Hoffman studies consciousness, visual perception and evolutionary psychology using mathematical models and psychophysical experiments.

Hoffman has a Ph. D. from MIT, which may not be everything, but it isn’t nothing.

Introduction

In the video, PVK is examining a discussion between Peterson and Dillahunty (I also watched this video; as PVK points out, the two are speaking different languages as you might have already surmised).  To aid in his examination, PVK offers the work of Hoffman (whose research buttresses Peterson’s views to a large extent, therefore making Dillahunty’s head hurt).  As PVK describes it in the video description:

Jordan Peterson's answer about God reveals his knowledge of the relationship between consciousness and matter. Materialists struggle to understand what he's talking about.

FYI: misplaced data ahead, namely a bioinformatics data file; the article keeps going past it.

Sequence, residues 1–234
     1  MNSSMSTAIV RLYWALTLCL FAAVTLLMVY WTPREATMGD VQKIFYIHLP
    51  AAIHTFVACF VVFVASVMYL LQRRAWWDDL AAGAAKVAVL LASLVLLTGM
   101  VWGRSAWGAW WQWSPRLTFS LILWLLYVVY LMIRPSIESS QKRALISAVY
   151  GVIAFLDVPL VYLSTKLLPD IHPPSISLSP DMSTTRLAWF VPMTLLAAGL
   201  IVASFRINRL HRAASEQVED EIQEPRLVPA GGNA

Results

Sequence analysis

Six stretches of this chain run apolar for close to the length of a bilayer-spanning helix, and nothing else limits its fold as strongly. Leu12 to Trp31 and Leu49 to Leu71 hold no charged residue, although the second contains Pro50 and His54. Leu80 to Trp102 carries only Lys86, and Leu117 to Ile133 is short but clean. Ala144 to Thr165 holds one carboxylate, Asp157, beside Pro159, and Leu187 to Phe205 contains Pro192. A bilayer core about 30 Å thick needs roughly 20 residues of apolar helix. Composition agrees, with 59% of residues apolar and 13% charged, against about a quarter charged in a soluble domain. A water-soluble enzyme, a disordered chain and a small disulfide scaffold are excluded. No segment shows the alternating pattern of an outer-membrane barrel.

Dillahunty would be considered one of the struggling materialists:

Materialism is a form of philosophical monism which holds that matter is the fundamental substance in nature, and that all things, including mental aspects and consciousness, are results of material interactions….Materialism is closely related to physicalism, the view that all that exists is ultimately physical.

Materialism can refer either to the simple preoccupation with the material world, as opposed to intellectual or spiritual concepts, or to the theory that physical matter is all there is. This theory is far more than a simple focus on material possessions. It states that everything in the universe is matter, without any true spiritual or intellectual existence.